Libraries extend community to older adults, who may be isolated or unable to access resources and entertainment on their own.

Libraries provide a safe space for teens and young adults, with quiet spaces to study and social spaces to learn skills, build confidence, and gain independence.

Libraries offer free computers and internet access to people who need them.

Libraries provide the most vulnerable members of our community with a safe space that is warm in the winter and cool in the summer.

In Canadian public libraries, all this is free — supported by our shared public resources. Books, magazines, music, movies, apps — research, education, entertainment — tech, crafts, author appearances, artist showcases — and more.

Libraries work because we do.

What do the members of CUPE Local 1989 do?

We sort and shelve books, movies, music, and magazines so you can find them.

We transport those items between libraries so you can conveniently pick them up at your local branch.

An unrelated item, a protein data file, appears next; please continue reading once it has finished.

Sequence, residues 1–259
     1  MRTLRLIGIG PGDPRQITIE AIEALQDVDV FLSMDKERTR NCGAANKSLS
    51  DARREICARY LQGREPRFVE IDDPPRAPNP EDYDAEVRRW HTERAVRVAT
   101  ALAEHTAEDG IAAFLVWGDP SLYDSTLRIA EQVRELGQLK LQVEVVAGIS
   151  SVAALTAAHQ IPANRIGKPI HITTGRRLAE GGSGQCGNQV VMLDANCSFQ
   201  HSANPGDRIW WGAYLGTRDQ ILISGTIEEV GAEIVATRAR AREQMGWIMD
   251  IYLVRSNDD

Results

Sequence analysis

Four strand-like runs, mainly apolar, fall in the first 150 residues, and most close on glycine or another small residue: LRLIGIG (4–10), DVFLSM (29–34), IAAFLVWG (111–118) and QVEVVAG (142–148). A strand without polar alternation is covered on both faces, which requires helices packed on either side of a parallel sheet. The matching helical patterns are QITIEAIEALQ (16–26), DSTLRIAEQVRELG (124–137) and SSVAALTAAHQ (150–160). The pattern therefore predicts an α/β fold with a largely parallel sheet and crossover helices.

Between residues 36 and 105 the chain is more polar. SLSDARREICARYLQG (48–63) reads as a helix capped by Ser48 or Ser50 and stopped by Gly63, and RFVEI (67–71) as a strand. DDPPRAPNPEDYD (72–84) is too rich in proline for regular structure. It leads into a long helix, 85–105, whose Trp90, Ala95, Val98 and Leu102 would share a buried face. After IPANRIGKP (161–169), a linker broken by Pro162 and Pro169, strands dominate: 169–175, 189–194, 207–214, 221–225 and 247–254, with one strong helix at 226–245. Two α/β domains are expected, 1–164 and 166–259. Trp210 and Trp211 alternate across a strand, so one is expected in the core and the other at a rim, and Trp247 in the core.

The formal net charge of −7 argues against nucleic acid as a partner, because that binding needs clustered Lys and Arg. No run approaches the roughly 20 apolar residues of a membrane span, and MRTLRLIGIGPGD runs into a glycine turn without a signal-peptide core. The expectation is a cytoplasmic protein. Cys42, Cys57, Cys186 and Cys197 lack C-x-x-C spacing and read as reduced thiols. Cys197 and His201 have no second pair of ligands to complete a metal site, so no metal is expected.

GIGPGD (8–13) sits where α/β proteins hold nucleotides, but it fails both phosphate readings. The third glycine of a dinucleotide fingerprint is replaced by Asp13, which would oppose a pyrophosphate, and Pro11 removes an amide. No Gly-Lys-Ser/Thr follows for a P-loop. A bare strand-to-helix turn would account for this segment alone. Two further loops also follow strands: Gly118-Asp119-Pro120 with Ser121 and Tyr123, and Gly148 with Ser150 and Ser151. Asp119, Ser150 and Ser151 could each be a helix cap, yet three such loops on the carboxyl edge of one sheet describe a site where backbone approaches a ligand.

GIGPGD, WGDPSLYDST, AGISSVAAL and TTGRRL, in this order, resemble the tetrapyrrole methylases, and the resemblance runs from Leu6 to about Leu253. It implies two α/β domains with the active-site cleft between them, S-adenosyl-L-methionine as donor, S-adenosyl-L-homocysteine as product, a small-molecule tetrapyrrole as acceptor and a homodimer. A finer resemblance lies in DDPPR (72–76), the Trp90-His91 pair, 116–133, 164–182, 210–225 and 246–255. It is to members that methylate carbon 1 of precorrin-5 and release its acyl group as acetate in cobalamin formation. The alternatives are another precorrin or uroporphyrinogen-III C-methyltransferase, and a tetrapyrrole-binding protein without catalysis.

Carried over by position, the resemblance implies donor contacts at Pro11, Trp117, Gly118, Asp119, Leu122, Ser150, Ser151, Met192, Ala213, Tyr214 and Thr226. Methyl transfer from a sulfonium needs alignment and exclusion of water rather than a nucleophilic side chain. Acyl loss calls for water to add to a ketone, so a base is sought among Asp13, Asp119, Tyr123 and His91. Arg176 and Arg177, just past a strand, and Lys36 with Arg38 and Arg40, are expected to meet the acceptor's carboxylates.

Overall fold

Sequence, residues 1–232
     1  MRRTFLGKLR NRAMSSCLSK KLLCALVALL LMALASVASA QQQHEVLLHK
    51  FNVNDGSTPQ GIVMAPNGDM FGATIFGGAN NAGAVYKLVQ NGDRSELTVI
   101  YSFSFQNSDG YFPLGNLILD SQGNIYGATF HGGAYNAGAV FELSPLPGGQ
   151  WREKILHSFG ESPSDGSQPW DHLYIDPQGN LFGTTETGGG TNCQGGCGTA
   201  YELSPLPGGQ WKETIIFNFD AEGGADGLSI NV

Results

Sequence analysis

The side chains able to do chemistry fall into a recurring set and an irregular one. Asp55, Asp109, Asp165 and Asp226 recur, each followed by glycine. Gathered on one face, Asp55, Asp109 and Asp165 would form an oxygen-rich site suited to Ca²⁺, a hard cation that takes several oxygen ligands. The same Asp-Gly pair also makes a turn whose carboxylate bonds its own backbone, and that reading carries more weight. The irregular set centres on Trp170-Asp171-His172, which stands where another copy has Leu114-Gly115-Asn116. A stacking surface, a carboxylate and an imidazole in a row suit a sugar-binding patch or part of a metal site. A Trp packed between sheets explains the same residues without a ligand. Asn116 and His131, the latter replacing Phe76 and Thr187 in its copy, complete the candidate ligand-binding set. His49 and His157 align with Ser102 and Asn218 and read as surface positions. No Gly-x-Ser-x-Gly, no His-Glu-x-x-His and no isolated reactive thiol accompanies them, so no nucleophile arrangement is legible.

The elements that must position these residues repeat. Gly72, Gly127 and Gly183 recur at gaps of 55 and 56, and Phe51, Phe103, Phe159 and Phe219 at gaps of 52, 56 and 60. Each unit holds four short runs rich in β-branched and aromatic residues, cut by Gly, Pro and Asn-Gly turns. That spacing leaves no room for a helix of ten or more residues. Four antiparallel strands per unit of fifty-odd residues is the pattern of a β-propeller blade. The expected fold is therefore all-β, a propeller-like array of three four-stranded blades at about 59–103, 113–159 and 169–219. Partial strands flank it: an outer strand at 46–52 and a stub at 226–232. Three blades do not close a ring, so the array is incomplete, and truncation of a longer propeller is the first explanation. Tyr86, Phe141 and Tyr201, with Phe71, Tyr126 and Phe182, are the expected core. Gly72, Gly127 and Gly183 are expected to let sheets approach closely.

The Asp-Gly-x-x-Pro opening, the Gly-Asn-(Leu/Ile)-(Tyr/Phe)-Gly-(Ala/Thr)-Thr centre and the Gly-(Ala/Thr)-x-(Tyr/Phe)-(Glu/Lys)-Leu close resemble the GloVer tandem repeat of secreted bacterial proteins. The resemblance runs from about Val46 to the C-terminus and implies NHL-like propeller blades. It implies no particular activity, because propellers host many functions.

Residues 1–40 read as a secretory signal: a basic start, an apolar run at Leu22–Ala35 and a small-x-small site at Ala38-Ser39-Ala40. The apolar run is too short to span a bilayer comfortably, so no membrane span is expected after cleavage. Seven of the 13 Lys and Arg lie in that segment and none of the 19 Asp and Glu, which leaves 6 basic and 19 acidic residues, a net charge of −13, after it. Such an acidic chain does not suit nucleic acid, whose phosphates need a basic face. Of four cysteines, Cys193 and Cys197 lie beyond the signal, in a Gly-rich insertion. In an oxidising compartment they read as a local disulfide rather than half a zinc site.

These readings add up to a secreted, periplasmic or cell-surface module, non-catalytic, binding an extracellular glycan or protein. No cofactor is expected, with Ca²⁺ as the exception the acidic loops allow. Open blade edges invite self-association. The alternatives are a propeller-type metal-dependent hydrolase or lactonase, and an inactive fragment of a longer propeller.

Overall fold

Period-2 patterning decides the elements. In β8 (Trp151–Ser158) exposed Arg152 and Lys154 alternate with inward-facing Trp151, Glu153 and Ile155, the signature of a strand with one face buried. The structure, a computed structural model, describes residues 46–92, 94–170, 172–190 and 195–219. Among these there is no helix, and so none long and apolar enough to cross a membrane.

We catalogue materials to make them accessible.

We process materials so we can track them, and keep our collection vibrant.

We create and lead storytimes for children and families.

We innovate and facilitate creative, hands-on programming for tweens, teens, and adults of all ages.

We help you find resources so you can access services and participate in your community.

We partner with educators and experts in our community to offer you a wide variety of exciting, innovative, free programming.

We respond to your requests and keep our collection responsive to your needs.

We introduce you to a wide array of digital resources and teach you how to use them.

We help you research, whether for school, or personal research for health, careers, crafts, and other needs.

We facilitate book clubs, author visits, and other literacy programming.

We connect local authors and artists with audiences.

We are passionate about libraries — and about our union.

We are hard-working, dedicated, educated library workers, who work together to create the Mississauga Library System. We contribute mightily to our community, and we believe that public libraries should be fully funded and fully staffed.

The members of CUPE Local 1989 welcome you to our libraries and remind you: libraries work because we do!

Every Child Matters: September 30 is Orange Shirt Day

September 30 is Orange Shirt Day.

Orange Shirt Day acknowledges the harm that Canada’s residential school system has done to generations of indigenous families and their communities. It affirms our commitment to ensure that everyone around us matters.